Here in Utah, Fall is officially here, and Winter is just around the corner. When we saw that we’d have the upcoming weeks dipping below freezing (32°F/0°C) at night, we decided it was time to start putting the garden to bed for the season.
But how do we know what to expect from one garden season to the next? How do I know that here in Utah, my last projected frost date in the Spring is around May 15th, and that my first projected frost date is around October 15th? Gardening (sometimes also called Planting) Zones!
What is a gardening zone?
A planting/growing/gardening zone is a way for you to find out when your optimal growing season will be where you live. It will also tell you which perennial plants (the ones that come back year after year) will survive your winters. The zones ranges from 1 to 13, with Zone 1 being the coldest. You’ll also notice that each zone has an A and B. These are just further breakdowns of each zone into 5° increments.
Sometimes it’s hard to tell from this map exactly where you fall on the zone scale. I always suggest people use a tool like this one from Gardening.org to put in their zip code to find their zone. That will tell you a ballpark date of when you will be safe to plant out your tender seedlings in the Spring, and when to expect that your garden will be freezing (if you live where it freezes) in the Fall. You can also utilize knowing your growing zone to know when to plant out your more cold-hardy plants vs. more heat-loving plants throughout the season.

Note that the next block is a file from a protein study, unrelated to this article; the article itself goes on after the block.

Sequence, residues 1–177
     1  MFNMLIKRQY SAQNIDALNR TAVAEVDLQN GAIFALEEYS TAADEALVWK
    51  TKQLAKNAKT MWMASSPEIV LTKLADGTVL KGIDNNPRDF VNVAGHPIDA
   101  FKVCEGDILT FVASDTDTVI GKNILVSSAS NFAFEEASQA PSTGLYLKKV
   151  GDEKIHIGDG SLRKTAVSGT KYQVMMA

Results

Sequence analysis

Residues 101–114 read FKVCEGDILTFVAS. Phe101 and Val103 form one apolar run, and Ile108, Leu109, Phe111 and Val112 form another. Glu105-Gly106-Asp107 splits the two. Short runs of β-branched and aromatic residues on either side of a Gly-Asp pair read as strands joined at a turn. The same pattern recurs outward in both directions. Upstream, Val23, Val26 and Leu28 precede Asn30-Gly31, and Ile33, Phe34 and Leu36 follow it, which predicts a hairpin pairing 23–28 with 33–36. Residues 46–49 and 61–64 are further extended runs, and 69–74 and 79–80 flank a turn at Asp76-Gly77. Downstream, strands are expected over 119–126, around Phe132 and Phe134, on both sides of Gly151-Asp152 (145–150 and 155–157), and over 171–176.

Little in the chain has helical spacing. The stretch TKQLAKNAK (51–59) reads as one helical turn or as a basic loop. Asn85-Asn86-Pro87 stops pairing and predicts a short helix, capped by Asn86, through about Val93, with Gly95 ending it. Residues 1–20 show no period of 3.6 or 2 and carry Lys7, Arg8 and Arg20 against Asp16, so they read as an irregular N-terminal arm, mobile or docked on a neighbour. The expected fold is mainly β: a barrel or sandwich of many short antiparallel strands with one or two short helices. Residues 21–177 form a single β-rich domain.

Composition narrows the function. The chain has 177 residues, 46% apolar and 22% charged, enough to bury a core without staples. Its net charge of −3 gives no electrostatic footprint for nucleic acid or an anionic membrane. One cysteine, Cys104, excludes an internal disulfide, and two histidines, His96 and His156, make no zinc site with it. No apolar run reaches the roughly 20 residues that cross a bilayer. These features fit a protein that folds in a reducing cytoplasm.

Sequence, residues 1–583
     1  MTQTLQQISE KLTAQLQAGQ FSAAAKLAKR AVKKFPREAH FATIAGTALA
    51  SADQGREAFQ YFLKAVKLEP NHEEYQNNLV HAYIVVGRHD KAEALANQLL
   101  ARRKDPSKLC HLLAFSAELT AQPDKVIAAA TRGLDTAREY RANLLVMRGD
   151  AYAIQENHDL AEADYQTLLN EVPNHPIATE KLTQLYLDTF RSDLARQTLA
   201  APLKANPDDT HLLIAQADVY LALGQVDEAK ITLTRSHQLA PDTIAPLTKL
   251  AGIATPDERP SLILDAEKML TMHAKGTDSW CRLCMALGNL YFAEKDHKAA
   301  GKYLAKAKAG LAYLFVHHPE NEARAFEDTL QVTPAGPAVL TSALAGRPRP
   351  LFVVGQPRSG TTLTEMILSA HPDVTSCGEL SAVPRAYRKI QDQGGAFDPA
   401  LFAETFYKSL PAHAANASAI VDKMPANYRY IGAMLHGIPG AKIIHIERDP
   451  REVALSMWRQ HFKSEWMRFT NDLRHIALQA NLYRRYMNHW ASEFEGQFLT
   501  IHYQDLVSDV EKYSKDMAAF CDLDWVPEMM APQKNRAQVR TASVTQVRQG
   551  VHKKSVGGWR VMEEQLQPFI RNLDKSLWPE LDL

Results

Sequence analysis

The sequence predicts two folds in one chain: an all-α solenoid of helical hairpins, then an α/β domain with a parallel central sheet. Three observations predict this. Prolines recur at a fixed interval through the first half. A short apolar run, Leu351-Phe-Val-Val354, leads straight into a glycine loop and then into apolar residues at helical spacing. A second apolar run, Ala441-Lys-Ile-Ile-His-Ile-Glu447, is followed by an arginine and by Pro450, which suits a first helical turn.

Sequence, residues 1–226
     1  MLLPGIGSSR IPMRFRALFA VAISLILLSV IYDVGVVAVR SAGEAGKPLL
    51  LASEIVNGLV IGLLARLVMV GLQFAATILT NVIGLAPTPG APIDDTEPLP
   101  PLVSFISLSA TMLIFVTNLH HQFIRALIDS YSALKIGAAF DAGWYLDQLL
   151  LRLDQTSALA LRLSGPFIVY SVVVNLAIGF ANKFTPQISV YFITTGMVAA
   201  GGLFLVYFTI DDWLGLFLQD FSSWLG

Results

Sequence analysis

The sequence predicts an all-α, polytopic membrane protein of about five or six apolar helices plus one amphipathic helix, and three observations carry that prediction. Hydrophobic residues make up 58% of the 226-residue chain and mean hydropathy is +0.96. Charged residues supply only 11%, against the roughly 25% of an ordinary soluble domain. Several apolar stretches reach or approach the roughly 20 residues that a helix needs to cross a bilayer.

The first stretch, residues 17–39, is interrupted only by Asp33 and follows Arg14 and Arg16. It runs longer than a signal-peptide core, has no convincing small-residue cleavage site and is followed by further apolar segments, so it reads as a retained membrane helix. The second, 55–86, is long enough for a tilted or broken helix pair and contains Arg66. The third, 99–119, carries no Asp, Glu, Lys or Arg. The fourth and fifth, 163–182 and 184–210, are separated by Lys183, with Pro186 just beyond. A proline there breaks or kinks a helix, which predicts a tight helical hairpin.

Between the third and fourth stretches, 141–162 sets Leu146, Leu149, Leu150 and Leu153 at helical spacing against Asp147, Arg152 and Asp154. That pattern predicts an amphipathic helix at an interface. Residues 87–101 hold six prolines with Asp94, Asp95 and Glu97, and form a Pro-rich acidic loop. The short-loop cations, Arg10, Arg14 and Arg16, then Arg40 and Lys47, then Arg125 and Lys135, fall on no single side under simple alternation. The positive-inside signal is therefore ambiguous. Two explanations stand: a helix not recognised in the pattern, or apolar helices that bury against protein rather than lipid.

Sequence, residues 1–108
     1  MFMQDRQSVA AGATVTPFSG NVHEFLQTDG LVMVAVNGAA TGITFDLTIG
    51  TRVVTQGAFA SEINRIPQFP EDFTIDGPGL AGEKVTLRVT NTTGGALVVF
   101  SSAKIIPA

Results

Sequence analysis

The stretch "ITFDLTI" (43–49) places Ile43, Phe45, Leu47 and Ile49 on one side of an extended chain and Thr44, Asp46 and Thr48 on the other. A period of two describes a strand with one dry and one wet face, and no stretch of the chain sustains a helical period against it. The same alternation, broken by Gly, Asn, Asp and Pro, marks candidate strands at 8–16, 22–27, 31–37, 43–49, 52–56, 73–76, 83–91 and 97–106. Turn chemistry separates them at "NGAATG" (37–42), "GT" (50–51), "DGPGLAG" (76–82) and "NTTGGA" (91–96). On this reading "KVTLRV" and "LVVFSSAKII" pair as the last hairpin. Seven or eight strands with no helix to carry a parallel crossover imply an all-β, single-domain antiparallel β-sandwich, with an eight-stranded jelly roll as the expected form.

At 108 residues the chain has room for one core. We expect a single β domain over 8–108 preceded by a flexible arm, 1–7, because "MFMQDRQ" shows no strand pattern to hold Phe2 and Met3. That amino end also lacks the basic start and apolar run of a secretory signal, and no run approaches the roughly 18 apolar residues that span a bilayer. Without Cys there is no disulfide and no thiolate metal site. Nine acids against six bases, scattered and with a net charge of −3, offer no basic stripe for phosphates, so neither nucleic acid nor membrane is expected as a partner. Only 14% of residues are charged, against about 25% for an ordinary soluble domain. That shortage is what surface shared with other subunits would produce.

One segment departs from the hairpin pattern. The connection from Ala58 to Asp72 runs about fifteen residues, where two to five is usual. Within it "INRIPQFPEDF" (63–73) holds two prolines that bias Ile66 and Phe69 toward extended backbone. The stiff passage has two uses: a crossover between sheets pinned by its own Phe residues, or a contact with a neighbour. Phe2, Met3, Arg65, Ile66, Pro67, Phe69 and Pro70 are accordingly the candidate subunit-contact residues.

What about areas outside of the USA?
There are different growing zones, ranks and maps for all 7 continents (N America, S America, Africa, Europe, Asia, Australia and Antarctica). If you aren’t in the US, I highly suggest simply googling “_____________ growing zones” (enter your country or region in the blank) and seeing what reputable websites you have show up to know your zone in your country.
So, is it important to know your growing zone?
ABSOLUTELY! This can mean the difference between being frustrated in your gardening journey and wasting money on plants that won’t thrive in your zone, or absolutely nailing your planting times and choosing perennial plants that will survive your winters and summers.
If this has helped you and you’d like to learn how to start your own in-ground garden WITHOUT overwhelm, don’t forget to download the free ebook to get started on the right foot with your new gardening adventure, or even improving the soil of your current garden!